• @Daniel – I feel a bit awkward discussing this on a VC’s blog, especially one who’s been so supportive as Nic… but I’ll respond anyway 😉

    On the one hand, you’re right in that the userbase shouldn’t have been an issue; MyBlogLog had about 50k users when it was sold to Yahoo for $10m and their data isn’t a patch on ours in terms of quality. Furthermore, our service solved real problems in the market (both in a B2C and B2B sense). However, it’s worth recognising that they sold because a) they had a vast amount of user cookies b) it was at a time when yahoo would have paid anything to get what was effectively a very comprehensive survey of the blogosphere. I.e. they were lucky – something that Rafer’s happy to admit.

    On the other hand, the reality was that we didn’t communicate our business plan well enough and fast enough to the right people. Now, you might argue that UK angels don’t take enough risks (versus seemingly funding pretty much anything in the US) but I don’t think that’s entirely fair. I know it’s not fair, because if we started the same thing again today we’d do many few things differently – especially when it comes to fundraising.

    Ultimately, as I’ve not yet successfully raised a major round, I’m not yet in a position to make a serious comment on the UK angel “scene”. Nonetheless, what I *do* know is that raising money is sufficiently hard here that, should you not succeed, it’s probably because your business isn’t ready yet. In a way, I’m happy that European investors aren’t chucking their money at every NewsFriendFeedTweeter.com that comes along. The only down-side I see is that there aren’t enough failed post-angel/Series A companies around to fill the ecosystem with battle-hardened entrepreneurs; it’s a bit all-or-nothing.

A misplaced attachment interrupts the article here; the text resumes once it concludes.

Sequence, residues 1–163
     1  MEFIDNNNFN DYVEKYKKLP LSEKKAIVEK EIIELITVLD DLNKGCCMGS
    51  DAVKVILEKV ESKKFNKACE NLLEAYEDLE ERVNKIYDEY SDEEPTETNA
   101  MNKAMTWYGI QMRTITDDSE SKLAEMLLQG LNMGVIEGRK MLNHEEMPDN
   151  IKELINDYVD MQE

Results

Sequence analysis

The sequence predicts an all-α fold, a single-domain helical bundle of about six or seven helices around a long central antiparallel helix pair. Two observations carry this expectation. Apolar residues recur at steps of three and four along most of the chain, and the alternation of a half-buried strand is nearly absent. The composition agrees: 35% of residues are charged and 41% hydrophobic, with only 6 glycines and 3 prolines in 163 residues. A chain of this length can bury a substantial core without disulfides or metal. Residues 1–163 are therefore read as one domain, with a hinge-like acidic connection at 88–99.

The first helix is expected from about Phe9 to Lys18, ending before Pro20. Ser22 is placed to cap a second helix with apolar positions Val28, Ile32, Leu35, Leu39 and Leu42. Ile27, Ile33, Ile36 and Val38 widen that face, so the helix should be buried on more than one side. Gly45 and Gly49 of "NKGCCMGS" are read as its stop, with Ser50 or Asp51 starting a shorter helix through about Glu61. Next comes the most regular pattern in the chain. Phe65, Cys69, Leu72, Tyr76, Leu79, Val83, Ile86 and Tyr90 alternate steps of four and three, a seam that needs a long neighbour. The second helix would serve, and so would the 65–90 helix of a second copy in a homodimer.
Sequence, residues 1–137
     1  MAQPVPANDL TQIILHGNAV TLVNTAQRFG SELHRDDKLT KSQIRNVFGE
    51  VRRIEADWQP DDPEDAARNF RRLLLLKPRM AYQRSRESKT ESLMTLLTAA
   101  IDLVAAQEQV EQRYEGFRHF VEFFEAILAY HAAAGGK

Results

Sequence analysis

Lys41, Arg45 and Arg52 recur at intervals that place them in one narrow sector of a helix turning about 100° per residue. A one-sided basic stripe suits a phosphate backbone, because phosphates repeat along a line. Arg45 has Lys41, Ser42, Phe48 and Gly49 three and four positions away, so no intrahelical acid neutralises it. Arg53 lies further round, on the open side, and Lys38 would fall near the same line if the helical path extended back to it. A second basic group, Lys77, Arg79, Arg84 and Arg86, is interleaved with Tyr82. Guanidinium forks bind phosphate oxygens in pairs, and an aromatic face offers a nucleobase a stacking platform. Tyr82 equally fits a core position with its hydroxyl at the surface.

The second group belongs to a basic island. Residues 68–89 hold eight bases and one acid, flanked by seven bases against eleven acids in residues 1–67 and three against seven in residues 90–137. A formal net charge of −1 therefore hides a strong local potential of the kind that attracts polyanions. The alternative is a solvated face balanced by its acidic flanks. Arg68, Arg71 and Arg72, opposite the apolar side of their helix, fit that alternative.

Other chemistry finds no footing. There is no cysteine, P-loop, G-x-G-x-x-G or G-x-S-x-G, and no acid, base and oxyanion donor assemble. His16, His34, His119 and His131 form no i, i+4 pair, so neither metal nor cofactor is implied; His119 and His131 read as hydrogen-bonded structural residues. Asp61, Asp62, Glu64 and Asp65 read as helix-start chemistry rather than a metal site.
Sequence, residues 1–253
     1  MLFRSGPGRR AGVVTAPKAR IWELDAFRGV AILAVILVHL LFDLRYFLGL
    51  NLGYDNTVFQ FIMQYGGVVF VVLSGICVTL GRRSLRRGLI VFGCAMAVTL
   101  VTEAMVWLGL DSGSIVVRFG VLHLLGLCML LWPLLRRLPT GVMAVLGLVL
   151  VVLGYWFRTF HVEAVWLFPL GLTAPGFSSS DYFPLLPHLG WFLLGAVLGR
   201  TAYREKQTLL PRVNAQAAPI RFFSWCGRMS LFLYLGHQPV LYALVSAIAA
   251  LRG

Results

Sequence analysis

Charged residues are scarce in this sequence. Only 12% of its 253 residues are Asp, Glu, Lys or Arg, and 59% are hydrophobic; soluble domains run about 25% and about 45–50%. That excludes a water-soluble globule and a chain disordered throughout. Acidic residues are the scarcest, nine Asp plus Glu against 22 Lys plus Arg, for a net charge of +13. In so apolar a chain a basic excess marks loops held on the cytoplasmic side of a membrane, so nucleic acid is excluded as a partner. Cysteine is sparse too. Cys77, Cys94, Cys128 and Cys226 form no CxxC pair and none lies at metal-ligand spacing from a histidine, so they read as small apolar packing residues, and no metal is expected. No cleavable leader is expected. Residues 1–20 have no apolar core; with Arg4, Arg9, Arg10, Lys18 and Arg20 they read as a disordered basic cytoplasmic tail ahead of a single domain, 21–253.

• @Daniel – I feel a bit awkward discussing this on a VC’s blog, especially one who’s been so supportive as Nic… but I’ll respond anyway 😉

    On the one hand, you’re right in that the userbase shouldn’t have been an issue; MyBlogLog had about 50k users when it was sold to Yahoo for $10m and their data isn’t a patch on ours in terms of quality. Furthermore, our service solved real problems in the market (both in a B2C and B2B sense). However, it’s worth recognising that they sold because a) they had a vast amount of user cookies b) it was at a time when yahoo would have paid anything to get what was effectively a very comprehensive survey of the blogosphere. I.e. they were lucky – something that Rafer’s happy to admit.

    On the other hand, the reality was that we didn’t communicate our business plan well enough and fast enough to the right people. Now, you might argue that UK angels don’t take enough risks (versus seemingly funding pretty much anything in the US) but I don’t think that’s entirely fair. I know it’s not fair, because if we started the same thing again today we’d do many few things differently – especially when it comes to fundraising.

    Ultimately, as I’ve not yet successfully raised a major round, I’m not yet in a position to make a serious comment on the UK angel “scene”. Nonetheless, what I *do* know is that raising money is sufficiently hard here that, should you not succeed, it’s probably because your business isn’t ready yet. In a way, I’m happy that European investors aren’t chucking their money at every NewsFriendFeedTweeter.com that comes along. The only down-side I see is that there aren’t enough failed post-angel/Series A companies around to fill the ecosystem with battle-hardened entrepreneurs; it’s a bit all-or-nothing.